India’s unprecedented reaction to the #MeToo movement has hit one industry after the other as more and more women are divulging stories of sexual abuse, sexual harassment and ingrained casual sexism on social media. The movement has also drawn a lot of criticism from several quarters with some slamming it as being a ‘naming and shaming’ movement which has no capability of actually changing the system. This school of thought has found agreement in former Supreme Court judge Sujata Manohar.

According to Justice Manohar, who was responsible for writing up the Vishakha guidelines to ensure no working woman is subjected to sexual harassment in August 1997, “No purpose will be served if women limit themselves only to social media”.

In an exclusive interview with the Free Press Journal, Justice Manohar said, “The guidelines which I had penned down dealt only with contemporary cases where a woman is being harassed at her work field. The guidelines were not at all meant to look into cases wherein women come out after decades.”

This, she says, leads to a lot of difficulty for the police in actually finding evidence to corroborate the accuser’s claims.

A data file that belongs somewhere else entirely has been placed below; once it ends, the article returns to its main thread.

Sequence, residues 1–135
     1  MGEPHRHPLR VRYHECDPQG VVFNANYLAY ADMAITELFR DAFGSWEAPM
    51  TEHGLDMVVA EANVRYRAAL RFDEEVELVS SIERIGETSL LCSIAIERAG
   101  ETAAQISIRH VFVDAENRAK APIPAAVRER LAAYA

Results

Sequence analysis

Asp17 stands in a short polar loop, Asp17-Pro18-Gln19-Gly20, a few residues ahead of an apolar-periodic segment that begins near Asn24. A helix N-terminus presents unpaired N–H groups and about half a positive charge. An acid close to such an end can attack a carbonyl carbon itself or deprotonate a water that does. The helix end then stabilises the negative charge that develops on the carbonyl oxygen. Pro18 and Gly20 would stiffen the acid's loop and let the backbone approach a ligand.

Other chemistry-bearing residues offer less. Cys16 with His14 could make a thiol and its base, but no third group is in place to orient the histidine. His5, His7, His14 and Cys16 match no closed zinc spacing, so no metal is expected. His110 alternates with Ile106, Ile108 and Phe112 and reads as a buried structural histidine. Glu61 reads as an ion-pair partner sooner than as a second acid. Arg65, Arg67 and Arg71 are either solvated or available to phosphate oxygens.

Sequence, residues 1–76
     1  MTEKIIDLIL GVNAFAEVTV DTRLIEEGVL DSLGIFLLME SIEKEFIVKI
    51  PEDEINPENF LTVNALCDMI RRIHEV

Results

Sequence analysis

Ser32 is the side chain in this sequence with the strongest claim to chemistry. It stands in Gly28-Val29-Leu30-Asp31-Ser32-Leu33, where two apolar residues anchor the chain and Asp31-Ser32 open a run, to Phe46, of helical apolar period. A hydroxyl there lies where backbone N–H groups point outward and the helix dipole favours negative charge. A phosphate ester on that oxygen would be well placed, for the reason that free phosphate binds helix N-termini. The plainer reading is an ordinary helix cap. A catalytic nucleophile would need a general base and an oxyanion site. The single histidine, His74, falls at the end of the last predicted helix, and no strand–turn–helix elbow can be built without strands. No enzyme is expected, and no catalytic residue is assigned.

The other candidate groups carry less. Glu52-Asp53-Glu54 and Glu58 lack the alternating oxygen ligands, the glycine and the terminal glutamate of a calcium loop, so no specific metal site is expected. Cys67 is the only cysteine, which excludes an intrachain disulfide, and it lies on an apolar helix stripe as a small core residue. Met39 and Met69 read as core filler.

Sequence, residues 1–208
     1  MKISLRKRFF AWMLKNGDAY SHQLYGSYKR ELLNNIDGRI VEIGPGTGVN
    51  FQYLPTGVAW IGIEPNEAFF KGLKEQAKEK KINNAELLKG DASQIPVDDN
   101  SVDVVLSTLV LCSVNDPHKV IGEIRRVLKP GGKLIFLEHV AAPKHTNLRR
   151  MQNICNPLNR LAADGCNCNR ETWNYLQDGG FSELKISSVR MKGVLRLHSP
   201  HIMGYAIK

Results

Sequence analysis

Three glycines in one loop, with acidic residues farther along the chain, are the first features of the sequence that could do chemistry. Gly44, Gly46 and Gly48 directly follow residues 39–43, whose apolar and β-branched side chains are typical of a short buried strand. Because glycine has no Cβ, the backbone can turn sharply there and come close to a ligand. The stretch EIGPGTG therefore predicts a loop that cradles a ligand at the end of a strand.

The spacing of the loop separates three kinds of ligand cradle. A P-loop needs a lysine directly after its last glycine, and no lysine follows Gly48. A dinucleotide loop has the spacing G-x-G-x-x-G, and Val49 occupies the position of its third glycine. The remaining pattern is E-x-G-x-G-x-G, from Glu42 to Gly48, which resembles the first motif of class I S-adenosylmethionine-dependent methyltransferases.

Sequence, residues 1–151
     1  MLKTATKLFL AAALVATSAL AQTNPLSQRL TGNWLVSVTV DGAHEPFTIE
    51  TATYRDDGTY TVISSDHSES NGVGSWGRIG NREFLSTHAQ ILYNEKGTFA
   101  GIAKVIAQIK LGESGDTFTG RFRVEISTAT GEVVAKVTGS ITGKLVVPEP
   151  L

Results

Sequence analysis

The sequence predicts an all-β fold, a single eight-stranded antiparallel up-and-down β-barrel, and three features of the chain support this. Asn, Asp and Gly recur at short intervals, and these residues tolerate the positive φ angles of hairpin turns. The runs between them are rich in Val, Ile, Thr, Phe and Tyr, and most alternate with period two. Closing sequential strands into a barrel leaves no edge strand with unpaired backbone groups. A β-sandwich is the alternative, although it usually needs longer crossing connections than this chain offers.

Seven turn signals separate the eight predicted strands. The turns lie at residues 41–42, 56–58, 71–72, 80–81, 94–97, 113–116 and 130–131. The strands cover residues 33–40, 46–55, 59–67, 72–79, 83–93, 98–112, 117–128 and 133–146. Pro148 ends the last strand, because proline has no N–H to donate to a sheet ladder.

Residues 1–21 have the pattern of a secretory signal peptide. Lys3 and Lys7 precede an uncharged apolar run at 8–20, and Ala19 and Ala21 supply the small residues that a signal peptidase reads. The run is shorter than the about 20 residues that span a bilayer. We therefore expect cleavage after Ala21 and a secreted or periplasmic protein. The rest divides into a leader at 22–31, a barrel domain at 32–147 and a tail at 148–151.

“The evidence of what took place some 20 to 25 years ago is obviously not going to remain as it is. There should be something reliable in place for the police to prosecute the named accused as there are always chances of some women merely naming others to settle personal scores,” Justice Manohar told Free Press Journal.

“This is not the scenario in current cases where women are being harassed, as the police can easily cross check the allegations,” Justice Manohar added.

The best course of action, Justice Manohar said, would be for women to directly go to the police to name their abusers and harassers instead of staking to social media to out their names.

“No purpose will be served if woman limit themselves only to social media. They have the option to approach the police, instead of the social media. Their failure to report the case also hints that the forum is being misused by many because of which genuine women might have to suffer,” Justice Manohar said.

Justice Manohar also stressed on how the government needs to formulate a new law to resolve complaints as the Vishakha guidelines was designed only for contemporary harassment.

“Unless there is a law to deal with cases as revealed through this movement, no one can do anything. The existing laws do not focus on such kind of complaints; thus, there is a need to formulate a law which can define the nature of offence, and then what kind of punishment must be imposed, and so on,” Justice Manohar said.

This article was originally published in The Wire.